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via Healthy Eating for Busy People - Dietriffic.com by Melanie on 9/16/08
A ruffled mind makes a restless pillow.
- Charlotte Brontë
Getting a good nights sleep is wonderful, however most of us know what it’s like to toss and turn for hours, feeling like we’re never going to get to sleep. The result is normally a groggy, uncoordinated, and sluggish self the following day!
Many people who suffer from poor sleep patterns opt for caffeine, sugary foods, or prescription drugs in an attempt to stay awake and increase their productivity, however this is a very short term option.
If you’re sleep deprived you may experience:
- Low mood
- Reduced ability to retain information
- Poor memory
- Lack of concentration
- Difficultly communicating
- Critical thinking
- Time wasting
How can you avoid the pitfalls of poor sleeping habits? Here are a few suggestions:
#1 Aim for the optimum sleep every night - this is an average of 6 - 8 hours. Some people view sleep is a waste of time, however research suggests that those who sleep well are much better at problem solving, concentrating on daily tasks, and retaining information, therefore think of your 8-hour quota as an investment.
#2 Establish a regular sleep schedule by going to bed and getting up at the same time, even at weekends. Having a routine will encourage good quality sleep, however if you keep waking up at a different time each day, your body clock goes out of sync, causing you to feel groggy for hours.
#3 Make sure your sleeping environment is healthy – your room should be quiet, dark, and cool. If you live in a noisy area try using earplugs, or drown out the sound with a fan. If your bed is uncomfortable think of investing in a good mattress.
#4 Eat well:
- Try not to eat late at night.
- Consume smaller meals.
- Drink plenty of water.
- Avoid caffeine, caffeinated drinks, and alcohol.
- Avoid spicy foods.
Ideally you should finish dinner several hours prior to bedtime, however if you are hungry, snack on foods that won’t affect your sleep, such as milk and plain biscuits - the tryptophan in milk is thought to help us feel sleepy.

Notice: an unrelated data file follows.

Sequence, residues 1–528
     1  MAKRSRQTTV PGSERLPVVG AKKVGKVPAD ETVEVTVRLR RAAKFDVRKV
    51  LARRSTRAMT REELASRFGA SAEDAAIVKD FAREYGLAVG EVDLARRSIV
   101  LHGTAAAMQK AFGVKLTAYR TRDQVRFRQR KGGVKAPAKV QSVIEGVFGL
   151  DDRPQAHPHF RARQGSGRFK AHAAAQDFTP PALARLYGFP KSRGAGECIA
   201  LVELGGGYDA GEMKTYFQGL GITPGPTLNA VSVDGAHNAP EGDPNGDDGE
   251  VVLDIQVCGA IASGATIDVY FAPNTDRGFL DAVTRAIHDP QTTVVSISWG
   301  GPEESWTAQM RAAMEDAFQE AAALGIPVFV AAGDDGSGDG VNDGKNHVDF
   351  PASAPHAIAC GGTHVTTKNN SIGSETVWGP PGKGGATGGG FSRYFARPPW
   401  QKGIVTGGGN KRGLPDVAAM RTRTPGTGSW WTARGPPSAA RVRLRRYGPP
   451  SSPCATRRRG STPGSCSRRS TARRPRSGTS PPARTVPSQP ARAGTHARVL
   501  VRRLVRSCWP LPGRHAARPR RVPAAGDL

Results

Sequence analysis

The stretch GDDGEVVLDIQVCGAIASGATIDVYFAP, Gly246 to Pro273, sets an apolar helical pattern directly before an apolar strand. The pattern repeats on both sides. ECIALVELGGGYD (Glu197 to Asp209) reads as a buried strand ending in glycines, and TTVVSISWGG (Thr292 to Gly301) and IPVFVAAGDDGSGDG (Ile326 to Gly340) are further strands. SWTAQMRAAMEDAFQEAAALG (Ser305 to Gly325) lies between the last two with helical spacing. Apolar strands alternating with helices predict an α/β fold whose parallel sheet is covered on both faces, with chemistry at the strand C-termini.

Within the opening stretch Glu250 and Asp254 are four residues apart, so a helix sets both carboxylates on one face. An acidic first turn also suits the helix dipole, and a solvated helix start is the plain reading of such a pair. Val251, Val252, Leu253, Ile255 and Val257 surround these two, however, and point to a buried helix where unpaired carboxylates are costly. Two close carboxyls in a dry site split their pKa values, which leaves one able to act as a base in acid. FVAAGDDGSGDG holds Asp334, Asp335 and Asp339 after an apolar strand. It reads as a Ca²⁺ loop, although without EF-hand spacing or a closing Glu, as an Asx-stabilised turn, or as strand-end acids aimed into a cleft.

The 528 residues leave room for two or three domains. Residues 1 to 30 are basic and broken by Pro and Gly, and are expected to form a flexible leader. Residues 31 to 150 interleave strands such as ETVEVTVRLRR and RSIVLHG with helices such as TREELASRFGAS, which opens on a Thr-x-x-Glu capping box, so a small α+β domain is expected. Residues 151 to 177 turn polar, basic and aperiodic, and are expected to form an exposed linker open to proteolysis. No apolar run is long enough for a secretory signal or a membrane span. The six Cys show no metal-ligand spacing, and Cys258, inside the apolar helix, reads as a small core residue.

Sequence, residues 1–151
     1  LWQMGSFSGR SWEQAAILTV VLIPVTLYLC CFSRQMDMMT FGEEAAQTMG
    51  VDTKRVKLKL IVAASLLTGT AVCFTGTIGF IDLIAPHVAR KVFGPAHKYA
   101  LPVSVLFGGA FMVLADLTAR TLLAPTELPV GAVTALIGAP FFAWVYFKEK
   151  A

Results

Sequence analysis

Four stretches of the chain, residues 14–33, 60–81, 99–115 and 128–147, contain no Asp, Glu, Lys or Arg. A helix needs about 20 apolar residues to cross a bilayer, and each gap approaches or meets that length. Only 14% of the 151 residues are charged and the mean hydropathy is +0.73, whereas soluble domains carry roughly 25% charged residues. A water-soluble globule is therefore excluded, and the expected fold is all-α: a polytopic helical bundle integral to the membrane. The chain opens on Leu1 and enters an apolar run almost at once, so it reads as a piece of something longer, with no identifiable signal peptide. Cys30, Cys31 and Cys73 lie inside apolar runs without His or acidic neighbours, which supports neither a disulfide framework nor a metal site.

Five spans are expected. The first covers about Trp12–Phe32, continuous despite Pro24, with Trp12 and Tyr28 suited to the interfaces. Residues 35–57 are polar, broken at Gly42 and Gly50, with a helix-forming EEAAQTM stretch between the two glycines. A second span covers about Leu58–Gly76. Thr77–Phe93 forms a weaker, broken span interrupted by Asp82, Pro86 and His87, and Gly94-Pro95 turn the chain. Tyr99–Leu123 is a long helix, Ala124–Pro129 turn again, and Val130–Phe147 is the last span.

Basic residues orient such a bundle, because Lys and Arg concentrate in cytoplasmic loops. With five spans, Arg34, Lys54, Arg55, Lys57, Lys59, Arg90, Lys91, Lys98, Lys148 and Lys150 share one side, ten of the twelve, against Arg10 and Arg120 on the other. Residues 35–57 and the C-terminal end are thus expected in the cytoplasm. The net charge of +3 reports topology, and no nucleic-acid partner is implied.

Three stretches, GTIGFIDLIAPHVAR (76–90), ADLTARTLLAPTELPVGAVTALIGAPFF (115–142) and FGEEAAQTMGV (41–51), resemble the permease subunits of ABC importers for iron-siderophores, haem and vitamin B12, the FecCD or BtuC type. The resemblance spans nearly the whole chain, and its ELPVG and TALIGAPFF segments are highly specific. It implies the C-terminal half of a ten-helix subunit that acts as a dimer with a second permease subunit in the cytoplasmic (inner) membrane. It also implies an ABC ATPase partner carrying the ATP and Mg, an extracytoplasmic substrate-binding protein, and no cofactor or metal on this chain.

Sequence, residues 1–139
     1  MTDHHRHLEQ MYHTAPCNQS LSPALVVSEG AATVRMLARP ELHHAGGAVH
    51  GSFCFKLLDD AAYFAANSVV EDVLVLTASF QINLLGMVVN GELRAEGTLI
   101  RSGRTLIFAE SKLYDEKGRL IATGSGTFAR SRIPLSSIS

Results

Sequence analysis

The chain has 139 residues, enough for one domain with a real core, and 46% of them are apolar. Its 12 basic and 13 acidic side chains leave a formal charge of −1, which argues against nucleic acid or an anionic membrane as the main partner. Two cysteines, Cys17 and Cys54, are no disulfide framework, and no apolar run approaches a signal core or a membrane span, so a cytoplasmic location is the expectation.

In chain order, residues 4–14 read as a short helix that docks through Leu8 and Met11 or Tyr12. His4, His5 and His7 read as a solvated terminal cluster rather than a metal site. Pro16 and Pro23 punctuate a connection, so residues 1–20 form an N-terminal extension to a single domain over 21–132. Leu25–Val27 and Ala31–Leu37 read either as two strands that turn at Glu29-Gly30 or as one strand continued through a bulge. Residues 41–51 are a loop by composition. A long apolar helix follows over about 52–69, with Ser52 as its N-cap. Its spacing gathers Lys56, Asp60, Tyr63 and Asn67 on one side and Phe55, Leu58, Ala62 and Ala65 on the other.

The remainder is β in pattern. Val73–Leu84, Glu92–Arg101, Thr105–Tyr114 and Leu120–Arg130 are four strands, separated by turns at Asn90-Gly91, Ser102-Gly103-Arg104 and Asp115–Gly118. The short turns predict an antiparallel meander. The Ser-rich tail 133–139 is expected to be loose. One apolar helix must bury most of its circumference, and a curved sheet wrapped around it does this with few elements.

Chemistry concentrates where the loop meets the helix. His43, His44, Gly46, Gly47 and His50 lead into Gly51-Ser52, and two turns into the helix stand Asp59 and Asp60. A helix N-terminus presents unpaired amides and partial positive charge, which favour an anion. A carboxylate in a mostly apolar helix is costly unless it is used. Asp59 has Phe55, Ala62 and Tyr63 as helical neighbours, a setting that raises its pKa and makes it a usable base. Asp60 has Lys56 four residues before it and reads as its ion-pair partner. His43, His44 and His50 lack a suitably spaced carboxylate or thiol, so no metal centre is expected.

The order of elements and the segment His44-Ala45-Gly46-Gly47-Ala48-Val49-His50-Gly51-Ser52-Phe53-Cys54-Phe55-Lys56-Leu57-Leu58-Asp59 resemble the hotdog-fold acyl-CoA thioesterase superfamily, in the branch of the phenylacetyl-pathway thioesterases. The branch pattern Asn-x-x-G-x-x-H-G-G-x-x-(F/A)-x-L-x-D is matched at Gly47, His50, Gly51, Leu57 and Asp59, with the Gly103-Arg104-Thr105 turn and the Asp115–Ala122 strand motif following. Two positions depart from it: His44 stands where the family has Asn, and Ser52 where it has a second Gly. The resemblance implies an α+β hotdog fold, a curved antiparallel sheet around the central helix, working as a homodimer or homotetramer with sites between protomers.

#5 Get physical - research suggests exercise improves our sleep quality, andreduces the time it takes to get to sleep. Try aerobics or a brisk walk earlier in the day, and if exercising in the evening, choose relaxation techniques, such as pilates.
#6 Avoid late night tv on crime or violence! Particularly if your mind is highly active at night, it’s best to avoid late-night news bulletins, scary movies, novels, or crime re-enactment programmes, as they can affect your ability to drift into a peaceful sleep.
#7 Establish a bedtime routine, which begins one hour before going to bed. Your routine may include taking a bath, listening to soft music, reading, or relaxing exercises. Just try to avoid stressful activities such as work deadlines, or discussing emotional issues (these tend to raise cortisol secretions, increasing alertness).
#8 If you find it difficult to unwind, try keeping a notepad beside your bed so that you can record what’s on your mind, then allow yourself to switch off. You’ll be better able to cope with everything you need to do if you’ve had a good night sleep.
#9 Switch off your electronics. This means turning off your mobile, computer, and MP3 player - you can live without gadgets for a few hours, and the total darkness and quiet will signal to your brain that it’s time to sleep.
#10 Avoid the deadly clock-watching syndrome. If you find yourself unable to get to sleep for more than 20 minutes, it’s best to get out of bed and do something quiet in dim light, until you begin to feel sleepy. Tossing and turning is counterproductive - it leads to increased stress levels, which keep us awake.
#11 Use guided imagery - if you continue to struggle check out Health Journeys, for a range of guided imaginary to help you fall into a peaceful asleep.
#12 Begin and end your day in gratitude - try taking a few moments in the morning and evening to quietly give thanks for those things that are a blessing in your life. This will help to focus your mind on the positive aspects, reducing stress hormones than can keep you awake at night.
If you continue to experience sleep difficulties, it’s a good idea to visit your doctor or a sleep specialist for advice tailored to your individual needs.